Thank you, Sandra Baringer of the University of California, Riverside, for coordinating and planning --and a tip of the hat to the Modern Language Association's CLIP (Contingent Labor in the Profession) committee for hosting it.

Here are my remarks with a few likely editorial changes, as the introduction and conclusion were written ahead of time and the rest was reconstructed from notes and memory.

Online teaching offers promise and peril, as our panelists have so well described. On the one hand, there is freedom from the constraints of classes gathered in a particular time and place. On the other hand, there is the possible loss of academic freedom and that delightful thing I call chemistry, which we can experience in real time, problems and all.

In a Dec. 21, 2012 article by Doug Lederman in Inside Higher Ed, online learning pioneer Ann Kirschner was quoted as using the word “magical” as a common occurrence in the face-to-face classroom. And as I like to play with words, perhaps education can become e-ducation too, with the right magic.

Adding to the ambiguity of a brave new e-world is the role of the teacher. What is an online teacher? Merely a mechanic offering a quick skills-fix, as Batya Weinbaum suggested…or an intellectual traversing new ground as Cynthia Eaton and Joshua Fenton described…or in Aaron Plasek’s darker envisioning: a mere servant of sinister, mouse-pushing administrators? I wonder about it all.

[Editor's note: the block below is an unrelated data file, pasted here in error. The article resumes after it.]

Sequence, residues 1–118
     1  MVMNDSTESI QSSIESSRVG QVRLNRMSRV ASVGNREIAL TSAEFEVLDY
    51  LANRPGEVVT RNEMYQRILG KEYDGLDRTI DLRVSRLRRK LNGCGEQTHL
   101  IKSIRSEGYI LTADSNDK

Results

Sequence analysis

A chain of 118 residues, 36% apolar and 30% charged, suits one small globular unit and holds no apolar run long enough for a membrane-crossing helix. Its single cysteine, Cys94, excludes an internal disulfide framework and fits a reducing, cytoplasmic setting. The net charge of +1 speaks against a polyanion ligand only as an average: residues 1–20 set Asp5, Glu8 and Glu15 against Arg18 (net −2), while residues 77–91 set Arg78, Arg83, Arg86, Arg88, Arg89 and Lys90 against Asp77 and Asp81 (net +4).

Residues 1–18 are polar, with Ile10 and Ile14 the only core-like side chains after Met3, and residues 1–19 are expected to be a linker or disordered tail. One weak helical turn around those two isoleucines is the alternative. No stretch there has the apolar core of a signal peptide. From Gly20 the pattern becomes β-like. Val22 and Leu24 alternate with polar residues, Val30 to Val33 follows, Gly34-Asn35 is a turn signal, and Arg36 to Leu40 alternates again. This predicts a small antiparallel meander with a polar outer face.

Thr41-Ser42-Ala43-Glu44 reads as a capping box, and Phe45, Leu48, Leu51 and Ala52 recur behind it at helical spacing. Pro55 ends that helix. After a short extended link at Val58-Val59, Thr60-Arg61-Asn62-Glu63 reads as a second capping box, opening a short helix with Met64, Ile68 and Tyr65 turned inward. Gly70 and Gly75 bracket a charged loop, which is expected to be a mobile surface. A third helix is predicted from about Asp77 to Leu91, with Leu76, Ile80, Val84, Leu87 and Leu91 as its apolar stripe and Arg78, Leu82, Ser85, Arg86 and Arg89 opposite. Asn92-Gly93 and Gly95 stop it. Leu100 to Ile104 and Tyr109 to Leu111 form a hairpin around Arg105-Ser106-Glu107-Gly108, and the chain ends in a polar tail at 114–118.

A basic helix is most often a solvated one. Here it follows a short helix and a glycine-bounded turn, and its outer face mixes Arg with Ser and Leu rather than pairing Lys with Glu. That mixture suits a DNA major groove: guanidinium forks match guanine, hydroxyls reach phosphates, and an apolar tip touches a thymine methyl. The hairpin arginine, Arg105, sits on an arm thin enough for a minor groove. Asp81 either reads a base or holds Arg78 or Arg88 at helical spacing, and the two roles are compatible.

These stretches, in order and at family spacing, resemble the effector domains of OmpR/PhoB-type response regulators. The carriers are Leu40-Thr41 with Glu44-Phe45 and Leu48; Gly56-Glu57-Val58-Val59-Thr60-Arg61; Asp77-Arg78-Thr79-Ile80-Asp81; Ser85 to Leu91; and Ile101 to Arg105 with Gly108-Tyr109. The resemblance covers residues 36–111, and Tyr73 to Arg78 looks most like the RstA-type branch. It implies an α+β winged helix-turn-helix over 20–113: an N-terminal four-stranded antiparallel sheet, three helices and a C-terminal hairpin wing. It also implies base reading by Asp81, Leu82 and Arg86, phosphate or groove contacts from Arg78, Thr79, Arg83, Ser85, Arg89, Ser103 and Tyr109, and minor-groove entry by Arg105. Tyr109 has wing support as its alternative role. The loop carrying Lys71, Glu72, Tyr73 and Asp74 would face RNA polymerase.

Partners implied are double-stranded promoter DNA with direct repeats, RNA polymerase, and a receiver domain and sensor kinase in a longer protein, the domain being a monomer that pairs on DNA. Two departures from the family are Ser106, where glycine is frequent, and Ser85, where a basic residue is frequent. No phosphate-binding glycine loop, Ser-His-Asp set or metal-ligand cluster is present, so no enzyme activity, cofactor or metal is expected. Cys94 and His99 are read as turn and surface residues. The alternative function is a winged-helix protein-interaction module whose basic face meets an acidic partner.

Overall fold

And wonder is a start. And curiosity. Curiosity led feminist literary scholar, dean emerita and former MLA leader Catharine Stimpson to “become” a Phoenix for a time. Stimpson affirms in that same IHE article that teaching requires "dignity." We don't want to risk losing that.

So dignity was a word that reverberated as I listened to these papers. And creativity. And parity. And peril$, with a dollar sign struck through that final S.

It is perhaps no coincidence that the sixth and seventh letters of the word “humanities” are “I.T.” And it is part of our mission as scholars and educators to make sure that the unique human needs and strengths (of both student and teacher) are not lost under the many demands of it.

Let me move from last to first panelist in summarizing.

“Academic” and “freedom” should not be at separate ends of a continuum, as Aaron warned in his “hypothetical villain administrator.” My colleague Mike Piero gave me permission to quote from an email in which he shared that the online world “embodies the same problem of academic freedom that every adjunct faces when teaching with a semester-to-semester contract, the only difference being that web-based courses leave ‘the evidence’ of the so-called ‘offensive’ material…[T]he humanities, in particular, should guard against this kind of conservatism and extremism.” Aaron first offered the word “complacent” and then “silent” to describe adjunct faculty facing online demands. I will add a word: “stunned.” Aaron said he could ad lib if he tired of reading his paper here; that is a liberty not given to online teachers. Can moments of such flexibility be woven in? Isn’t the creative ad lib a time when we learn, too?